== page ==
Analysis of risk factors for outcomes after unrelated cord blood transplantation in adults with lymphoid malignancies: A study by the Eurocord-Netcord and Lymphoma Working Party of the European Group for blood and marrow transplantation

Celso A. Rodrigues, Guillermo Sanz, Claudio G. Brunstein, Jaime Sanz, John E. Wagner, Marc Renaud, Marcos De Lima, Mitchell S. Cairo, Sabine Fürst, Bernard Rio, Christopher Dalley, Enric Carreras, Jean Luc Harousseau, Mohamad Mohty, Denis Taveira, Peter Dreger, Anna Sureda, Eliane Gluckman, Vanderson Rocha

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163 Scopus citations

Abstract

Purpose: To determine risk factors of umbilical cord blood transplantation (UCBT) for patients with lymphoid malignancies. Patients and Methods: We evaluated 104 adult patients (median age, 41 years) who underwent unrelated donor UCBT for lymphoid malignancies. UCB grafts were two-antigen human leukocyte antigen-mismatched in 68%, and were composed of one (n = 78) or two (n = 26) units. Diagnoses were non-Hodgkin's lymphoma (NHL, n = 61), Hodgkin's lymphoma (HL, n = 29), and chronic lymphocytic leukemia (CLL, n = 14), with 87% having advanced disease and 60% having experienced failure with a prior autologous transplant. Sixty-four percent of patients received a reduced-intensity conditioning regimen and 46% low-dose total-body irradiation (TBI). Median follow-up was 18 months. Results: Cumulative incidence of neutrophil engraftment was 84% by day 60, with greater engraftment in recipients of higher CD34+ kg/cell dose (P = .0004). CI of non-relapse-related mortality (NRM) was 28% at 1 year, with a lower risk in patients treated with low-dose total-body irradiation (TBI; P = .03). Cumulative incidence of relapse or progression was 31% at 1 year, with a lower risk in recipients of double-unit UCBT (P = .03). The probability of progression-free survival (PFS) was 40% at 1 year, with improved survival in those with chemosensitive disease (49% v 34%; P = .03), who received conditioning regimens containing low-dose TBI (60% v 23%; P = .001), and higher nucleated cell dose (49% v 21%; P = .009). Conclusion: UCBT is a viable treatment for adults with advanced lymphoid malignancies. Chemosensitive disease, use of low-dose TBI, and higher cell dose were factors associated with significantly better outcome.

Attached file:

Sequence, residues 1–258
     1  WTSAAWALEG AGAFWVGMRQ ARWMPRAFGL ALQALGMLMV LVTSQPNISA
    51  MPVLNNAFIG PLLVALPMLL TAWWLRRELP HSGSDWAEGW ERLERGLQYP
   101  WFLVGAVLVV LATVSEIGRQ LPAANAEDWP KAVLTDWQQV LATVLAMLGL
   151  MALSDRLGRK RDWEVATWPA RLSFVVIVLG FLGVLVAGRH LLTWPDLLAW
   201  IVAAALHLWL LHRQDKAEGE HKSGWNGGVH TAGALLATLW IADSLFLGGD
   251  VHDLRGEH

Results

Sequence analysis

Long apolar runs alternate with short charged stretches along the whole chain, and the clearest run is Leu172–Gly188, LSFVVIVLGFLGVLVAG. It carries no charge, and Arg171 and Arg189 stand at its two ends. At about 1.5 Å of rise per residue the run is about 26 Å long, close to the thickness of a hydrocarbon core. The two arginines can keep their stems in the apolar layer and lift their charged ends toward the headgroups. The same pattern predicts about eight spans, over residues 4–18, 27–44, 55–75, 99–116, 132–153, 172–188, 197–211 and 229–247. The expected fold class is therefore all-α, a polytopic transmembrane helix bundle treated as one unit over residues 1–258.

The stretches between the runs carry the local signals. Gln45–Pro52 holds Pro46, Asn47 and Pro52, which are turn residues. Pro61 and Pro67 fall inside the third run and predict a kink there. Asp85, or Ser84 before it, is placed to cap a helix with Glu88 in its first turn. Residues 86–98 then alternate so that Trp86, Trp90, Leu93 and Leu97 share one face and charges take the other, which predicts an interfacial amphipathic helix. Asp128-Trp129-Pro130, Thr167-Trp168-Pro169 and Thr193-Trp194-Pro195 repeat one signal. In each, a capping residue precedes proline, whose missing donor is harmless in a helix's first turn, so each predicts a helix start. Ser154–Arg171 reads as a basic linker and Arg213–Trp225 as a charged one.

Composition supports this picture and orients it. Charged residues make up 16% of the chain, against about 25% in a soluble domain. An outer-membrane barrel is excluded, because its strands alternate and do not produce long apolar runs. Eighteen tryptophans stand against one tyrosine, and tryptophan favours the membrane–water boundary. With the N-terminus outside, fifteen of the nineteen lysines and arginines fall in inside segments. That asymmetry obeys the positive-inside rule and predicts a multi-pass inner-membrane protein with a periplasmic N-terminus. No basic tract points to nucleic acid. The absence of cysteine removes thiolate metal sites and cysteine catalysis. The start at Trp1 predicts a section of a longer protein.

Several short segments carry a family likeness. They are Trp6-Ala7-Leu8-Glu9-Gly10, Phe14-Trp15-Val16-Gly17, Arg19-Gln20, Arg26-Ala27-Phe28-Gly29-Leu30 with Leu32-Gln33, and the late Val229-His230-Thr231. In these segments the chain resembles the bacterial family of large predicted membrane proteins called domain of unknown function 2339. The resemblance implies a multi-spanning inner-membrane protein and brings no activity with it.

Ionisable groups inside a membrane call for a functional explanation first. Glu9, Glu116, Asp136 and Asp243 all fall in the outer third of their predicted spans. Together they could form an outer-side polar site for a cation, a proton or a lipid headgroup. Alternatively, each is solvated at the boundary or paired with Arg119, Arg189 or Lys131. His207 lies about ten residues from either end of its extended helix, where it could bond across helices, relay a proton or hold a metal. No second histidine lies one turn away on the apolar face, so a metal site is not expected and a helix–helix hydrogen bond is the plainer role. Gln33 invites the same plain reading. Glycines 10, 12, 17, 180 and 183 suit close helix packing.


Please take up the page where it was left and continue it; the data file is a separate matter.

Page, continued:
Original languageEnglish (US)
Pages (from-to)256-263
Number of pages8
JournalJournal of Clinical Oncology
Volume27
Issue number2
DOIs
StatePublished - Jan 10 2009

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